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Publication numberUS4880363 A
Publication typeGrant
Application numberUS 07/202,413
Publication dateNov 14, 1989
Filing dateJun 6, 1988
Priority dateMay 30, 1984
Fee statusLapsed
Publication number07202413, 202413, US 4880363 A, US 4880363A, US-A-4880363, US4880363 A, US4880363A
InventorsJohn H. Holland
Original AssigneeJohn And Martin Holland And Associates
Export CitationBiBTeX, EndNote, RefMan
External Links: USPTO, USPTO Assignment, Espacenet
Well pump system
US 4880363 A
Abstract
Vertical reciprocation of the piston in a downhole well pump is hydraulically effected by surface-disposed power transfer apparatus comprising a driving fluid housing divided into first and second chambers by a drive piston reciprocably disposed therein, the first chamber being connected to the driving fluid chamber of the well pump by a driving fluid pipe. The pipe and the first housing chamber are filled with a first driving fluid. A driving fluid pump has an outlet connected to the second housing chamber, and an inlet connected to a source of a second driving fluid. During operation of the driving fluid pump a valved piping circuit associated therewith causes the pump to alternately force second driving fluid into the drive housing to force the well pump piston through its upstroke, and them permit the well pump piston to fall through its downstroke and responsively force second driving fluid out of the drive housing and back through the driving fluid pump to assist in driving the same during downward movement of the well pump piston.
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Claims(5)
What I claim is:
1. Power transfer apparatus for causing vertical reciprocation of piston means in a downhole well pump operatively disposed in a wellbore, said well pump having a driving fluid chamber therein adapted to receive a quantity of driving fluid to responsively cause said piston means to lift, and to discharge the received driving fluid during downward movement of said piston means, said apparatus comprising:
a driving fluid housing having first and second opposite ends;
a drive piston disposed in said housing and dividing the interior thereof into a first chamber disposed between said drive piston and said first end of said housing, and a second chamber disposed between said drive piston and said second end of said housing;
a driving fluid pipe having a first end in fluid communication with said first chamber, and a second end adapted for connection to said well pump in fluid communication with said driving fluid chamber of said well pump,
said first chamber and said driving fluid pipe, when operatively connected to said driving fluid chamber of said well pump, being adapted to be filled with a first driving fluid;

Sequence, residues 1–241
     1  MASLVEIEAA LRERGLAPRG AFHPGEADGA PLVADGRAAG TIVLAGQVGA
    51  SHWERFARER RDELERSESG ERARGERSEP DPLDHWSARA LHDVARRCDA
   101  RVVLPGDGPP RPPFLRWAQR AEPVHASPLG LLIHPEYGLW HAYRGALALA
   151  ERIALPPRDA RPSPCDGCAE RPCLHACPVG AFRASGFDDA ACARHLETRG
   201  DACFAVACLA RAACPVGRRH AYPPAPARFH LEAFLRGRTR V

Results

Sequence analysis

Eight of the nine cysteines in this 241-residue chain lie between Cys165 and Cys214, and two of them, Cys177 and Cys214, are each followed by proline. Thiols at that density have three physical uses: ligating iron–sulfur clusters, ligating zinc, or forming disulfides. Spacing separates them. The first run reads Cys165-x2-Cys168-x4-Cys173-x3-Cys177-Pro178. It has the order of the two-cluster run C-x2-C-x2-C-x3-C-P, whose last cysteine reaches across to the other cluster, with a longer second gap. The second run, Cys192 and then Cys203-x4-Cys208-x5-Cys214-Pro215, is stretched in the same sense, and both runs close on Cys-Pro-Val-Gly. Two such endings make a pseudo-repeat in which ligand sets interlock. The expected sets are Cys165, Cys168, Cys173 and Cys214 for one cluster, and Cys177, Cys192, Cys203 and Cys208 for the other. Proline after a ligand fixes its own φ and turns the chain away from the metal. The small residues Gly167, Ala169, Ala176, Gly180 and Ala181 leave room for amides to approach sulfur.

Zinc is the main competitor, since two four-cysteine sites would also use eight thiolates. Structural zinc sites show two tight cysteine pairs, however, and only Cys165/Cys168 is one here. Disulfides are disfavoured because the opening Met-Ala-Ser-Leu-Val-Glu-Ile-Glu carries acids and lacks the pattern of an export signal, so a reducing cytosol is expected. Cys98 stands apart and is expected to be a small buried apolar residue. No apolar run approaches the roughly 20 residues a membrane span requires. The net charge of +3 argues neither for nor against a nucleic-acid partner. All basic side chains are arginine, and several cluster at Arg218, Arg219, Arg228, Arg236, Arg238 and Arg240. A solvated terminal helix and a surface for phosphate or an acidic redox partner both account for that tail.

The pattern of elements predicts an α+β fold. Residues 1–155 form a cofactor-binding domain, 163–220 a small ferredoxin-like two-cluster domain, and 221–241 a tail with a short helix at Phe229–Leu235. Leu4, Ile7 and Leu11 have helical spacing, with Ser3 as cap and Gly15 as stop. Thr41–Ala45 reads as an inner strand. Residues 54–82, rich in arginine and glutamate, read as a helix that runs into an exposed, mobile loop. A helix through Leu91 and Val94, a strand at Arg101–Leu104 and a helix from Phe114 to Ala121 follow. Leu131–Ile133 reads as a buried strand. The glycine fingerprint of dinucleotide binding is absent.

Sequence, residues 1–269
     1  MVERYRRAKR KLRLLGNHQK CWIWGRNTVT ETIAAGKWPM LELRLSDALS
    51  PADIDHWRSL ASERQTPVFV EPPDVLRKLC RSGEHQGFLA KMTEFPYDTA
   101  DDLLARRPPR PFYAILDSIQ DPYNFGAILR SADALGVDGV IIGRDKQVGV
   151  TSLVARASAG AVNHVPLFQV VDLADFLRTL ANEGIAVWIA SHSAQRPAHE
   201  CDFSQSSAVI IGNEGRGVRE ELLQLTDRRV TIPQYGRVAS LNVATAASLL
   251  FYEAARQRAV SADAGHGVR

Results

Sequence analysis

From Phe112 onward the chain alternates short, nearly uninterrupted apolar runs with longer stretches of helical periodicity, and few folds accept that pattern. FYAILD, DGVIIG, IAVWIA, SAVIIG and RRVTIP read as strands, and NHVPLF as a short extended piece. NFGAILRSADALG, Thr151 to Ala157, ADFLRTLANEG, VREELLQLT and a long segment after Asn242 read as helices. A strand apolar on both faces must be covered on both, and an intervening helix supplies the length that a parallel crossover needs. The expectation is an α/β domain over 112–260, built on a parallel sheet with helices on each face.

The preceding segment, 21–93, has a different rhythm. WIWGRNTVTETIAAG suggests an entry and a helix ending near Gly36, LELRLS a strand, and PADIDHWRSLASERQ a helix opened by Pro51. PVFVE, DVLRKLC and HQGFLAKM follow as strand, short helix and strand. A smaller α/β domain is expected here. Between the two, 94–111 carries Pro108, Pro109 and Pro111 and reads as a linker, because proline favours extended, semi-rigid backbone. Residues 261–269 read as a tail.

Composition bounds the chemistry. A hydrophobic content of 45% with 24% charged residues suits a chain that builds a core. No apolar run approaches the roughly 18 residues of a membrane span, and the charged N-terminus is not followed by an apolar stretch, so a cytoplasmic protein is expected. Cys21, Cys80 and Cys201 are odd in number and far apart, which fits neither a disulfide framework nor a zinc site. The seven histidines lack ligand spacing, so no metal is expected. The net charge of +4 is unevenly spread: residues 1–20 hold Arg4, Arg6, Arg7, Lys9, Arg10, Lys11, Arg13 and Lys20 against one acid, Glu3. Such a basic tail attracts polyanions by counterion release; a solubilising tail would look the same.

a driving fluid pump having an inlet adapted to receive a second driving fluid from a source thereof, and an outlet adapted to discharge the received second driving fluid; and
means for alternately:
(1) causing said driving fluid pump to draw second driving fluid from said source thereof and discharge second driving fluid into said second chamber to force said drive piston toward said first housing end to thereby force first driving fluid out of said first chamber and into said driving fluid pipe to force first driving fluid from within said driving fluid pipe into said driving fluid chamber of said well pump to cause said piston means in said well pump to rise, and
(2) permitting said piston means in said well pump to fall to thereby force first driving fluid from said driving fluid chamber into said driving fluid pipe, and from within said driving fluid pipe into said first chamber, in a manner moving said drive piston toward said second housing end and responsively forcing second driving fluid outwardly from said second chamber and inwardly through said inlet of driving fluid pump to assist in driving the same during downward movement of said piston means in said well pump.
2. The apparatus of claim 1 wherein said last-mentioned means include:
conduit means interconnecting said inlet of said driving fluid pump, said outlet of said driving fluid pump, and said second chamber,
four-way valve means operatively connected in said conduit means and being reversible between first and second positions to alter the flow paths therethrough,
switch means operable to reverse the position of said four-way valve means,
means for sensing the proximity of said drive piston to said second end of said housing and responsively activating said switch means to reverse said four-way valve means from said first position to said second position, and
means for sensing the discharge pressure of said driving fluid pump and responsively activating said switch means to reverse said four-way valve means from said second position to said first position.
3. The apparatus of claim 1 wherein said driving fluid pump is a variable volume, closed loop reversible pump.
4. The apparatus of claim 1 wherein:
said well pump has a mechanical displacement volume equal to the operative stroke volume of said piston means,